CHICAGO, IL -- Identity theft doesn't get old as a subject for 2 Wants to Know -- because many of us have experienced it first hand. Usually, the thief is some faceless person. But in this case, the thief lived in the neighborhood and had been watching the daily mail delivery.
San Juanita Avina said she went to Wal-Mart and couldn't use her card. The cashier told her 66-year-old father his credit card had been canceled. Avina said, "Why, it's 'maxed out'. I never use my card, how could it be over-maxed?"
Turns out her father's identity had been stolen and the card he rarely used had a $1,000 balance. Wal-Mart started looking into the problem and said multiple cards had been issued for the account - including one to a daughter, "Maria." Avina said, "I called them back and said there is no such person as Maria Avina that is not my name."
The family suspected a long-time neighbor was involved and as they talked to postal inspectors, they learned they were right.
U.S. Postal Inspector Mary Johnson said, "She purposely befriended them, tried to make it look as though she was a caretaker, friend to them, and somebody who was trustworthy."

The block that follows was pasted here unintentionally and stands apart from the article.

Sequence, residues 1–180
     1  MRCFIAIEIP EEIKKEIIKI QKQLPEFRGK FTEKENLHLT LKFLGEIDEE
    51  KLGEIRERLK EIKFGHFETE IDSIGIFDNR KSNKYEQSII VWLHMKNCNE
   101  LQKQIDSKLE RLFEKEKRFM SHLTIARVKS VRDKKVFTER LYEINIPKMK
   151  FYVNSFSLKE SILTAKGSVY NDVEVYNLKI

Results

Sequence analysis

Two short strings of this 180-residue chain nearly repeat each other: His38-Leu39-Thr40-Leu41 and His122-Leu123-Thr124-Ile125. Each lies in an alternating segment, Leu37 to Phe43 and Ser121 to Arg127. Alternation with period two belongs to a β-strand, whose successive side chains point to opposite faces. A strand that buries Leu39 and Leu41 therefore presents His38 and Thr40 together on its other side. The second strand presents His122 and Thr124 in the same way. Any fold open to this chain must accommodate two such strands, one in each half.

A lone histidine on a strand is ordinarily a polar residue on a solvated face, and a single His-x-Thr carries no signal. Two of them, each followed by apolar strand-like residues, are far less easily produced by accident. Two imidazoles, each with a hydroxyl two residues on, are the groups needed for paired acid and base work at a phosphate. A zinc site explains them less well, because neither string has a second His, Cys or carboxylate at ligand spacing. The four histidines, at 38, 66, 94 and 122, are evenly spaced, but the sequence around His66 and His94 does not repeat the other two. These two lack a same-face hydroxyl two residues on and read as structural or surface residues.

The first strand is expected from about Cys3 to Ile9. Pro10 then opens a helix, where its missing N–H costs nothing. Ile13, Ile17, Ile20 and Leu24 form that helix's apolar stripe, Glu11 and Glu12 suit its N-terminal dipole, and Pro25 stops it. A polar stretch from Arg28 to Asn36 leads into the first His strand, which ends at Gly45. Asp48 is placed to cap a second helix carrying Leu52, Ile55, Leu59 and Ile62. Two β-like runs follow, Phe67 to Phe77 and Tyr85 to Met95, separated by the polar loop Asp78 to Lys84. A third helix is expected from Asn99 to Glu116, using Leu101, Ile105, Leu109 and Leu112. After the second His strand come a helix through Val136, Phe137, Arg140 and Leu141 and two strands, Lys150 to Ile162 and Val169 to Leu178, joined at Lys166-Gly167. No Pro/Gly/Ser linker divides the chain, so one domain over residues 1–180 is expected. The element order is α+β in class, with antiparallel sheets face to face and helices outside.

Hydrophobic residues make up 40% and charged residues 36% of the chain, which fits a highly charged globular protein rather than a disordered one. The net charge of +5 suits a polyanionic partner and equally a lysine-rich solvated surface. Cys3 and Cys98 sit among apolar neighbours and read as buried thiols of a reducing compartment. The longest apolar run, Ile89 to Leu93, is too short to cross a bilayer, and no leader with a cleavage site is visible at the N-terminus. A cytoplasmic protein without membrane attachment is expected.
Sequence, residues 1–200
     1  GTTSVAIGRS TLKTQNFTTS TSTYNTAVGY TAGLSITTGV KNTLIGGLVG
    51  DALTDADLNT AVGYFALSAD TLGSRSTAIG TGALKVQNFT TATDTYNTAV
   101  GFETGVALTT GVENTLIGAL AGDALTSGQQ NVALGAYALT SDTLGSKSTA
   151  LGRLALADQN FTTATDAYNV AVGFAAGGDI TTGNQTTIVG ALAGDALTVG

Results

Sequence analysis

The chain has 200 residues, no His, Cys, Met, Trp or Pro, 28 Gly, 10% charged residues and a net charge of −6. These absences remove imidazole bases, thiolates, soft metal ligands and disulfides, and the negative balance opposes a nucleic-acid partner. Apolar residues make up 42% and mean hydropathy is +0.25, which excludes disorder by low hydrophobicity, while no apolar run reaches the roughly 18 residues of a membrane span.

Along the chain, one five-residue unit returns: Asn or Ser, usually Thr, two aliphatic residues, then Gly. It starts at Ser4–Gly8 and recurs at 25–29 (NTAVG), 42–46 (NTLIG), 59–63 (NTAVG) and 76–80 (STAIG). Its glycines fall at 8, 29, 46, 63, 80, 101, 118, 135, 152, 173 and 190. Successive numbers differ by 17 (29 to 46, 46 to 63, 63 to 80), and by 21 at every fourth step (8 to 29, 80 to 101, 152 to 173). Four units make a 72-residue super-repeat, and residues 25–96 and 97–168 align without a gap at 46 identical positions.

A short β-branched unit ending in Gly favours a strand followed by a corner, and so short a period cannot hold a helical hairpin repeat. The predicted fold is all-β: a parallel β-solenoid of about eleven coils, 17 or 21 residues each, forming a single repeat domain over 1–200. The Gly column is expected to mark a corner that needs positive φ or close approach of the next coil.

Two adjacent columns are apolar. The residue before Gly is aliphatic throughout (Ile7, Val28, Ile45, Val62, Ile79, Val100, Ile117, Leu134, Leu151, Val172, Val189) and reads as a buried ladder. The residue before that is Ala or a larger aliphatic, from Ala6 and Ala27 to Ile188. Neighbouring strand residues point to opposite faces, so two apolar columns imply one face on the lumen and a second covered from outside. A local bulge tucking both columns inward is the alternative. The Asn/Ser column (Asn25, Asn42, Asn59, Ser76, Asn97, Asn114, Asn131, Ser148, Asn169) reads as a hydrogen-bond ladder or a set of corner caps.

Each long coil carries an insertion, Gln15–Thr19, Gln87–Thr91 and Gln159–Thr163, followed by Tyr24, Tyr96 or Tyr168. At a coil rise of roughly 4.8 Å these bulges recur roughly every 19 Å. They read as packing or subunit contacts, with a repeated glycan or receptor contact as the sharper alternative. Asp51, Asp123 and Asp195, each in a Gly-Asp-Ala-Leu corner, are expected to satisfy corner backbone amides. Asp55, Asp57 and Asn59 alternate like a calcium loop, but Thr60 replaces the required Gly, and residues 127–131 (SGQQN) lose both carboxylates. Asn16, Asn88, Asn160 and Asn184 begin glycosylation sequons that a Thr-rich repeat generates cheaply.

Postal inspectors say this is a common m.o. for ID thieves.
Johnson said, "She did that in order to obtain their identifying information. So she can become an added user on their current cards and to open up new cards. She had utility bills put in their name for her personal house."
Authorities arrested the ID thief. Avina said, "She thought I was going to leave her alone and just let it go by and not taking care of it. No, uh-uh. No. You did wrong. You abused my dad and now you're abusing me."
Inspectors say we are all vulnerable to identity theft. Johnson said, "There is no set tone of victim right now. It's elderly, children, middle aged, college students, anybody and everybody can be a target of ID theft."
The suspect in this case eventually confessed, pleaded guilty to 2 counts of Aggravated ID Theft and served two years in prison.
Postal inspectors advise all consumers to shred all documents that contain any personal information. Also, ask for a free credit report each year will help consumers find any discrepancies.
There is only one truly free credit report, Annual Credit Report.com.
U.S. Postal Inspectors/WFMY News 2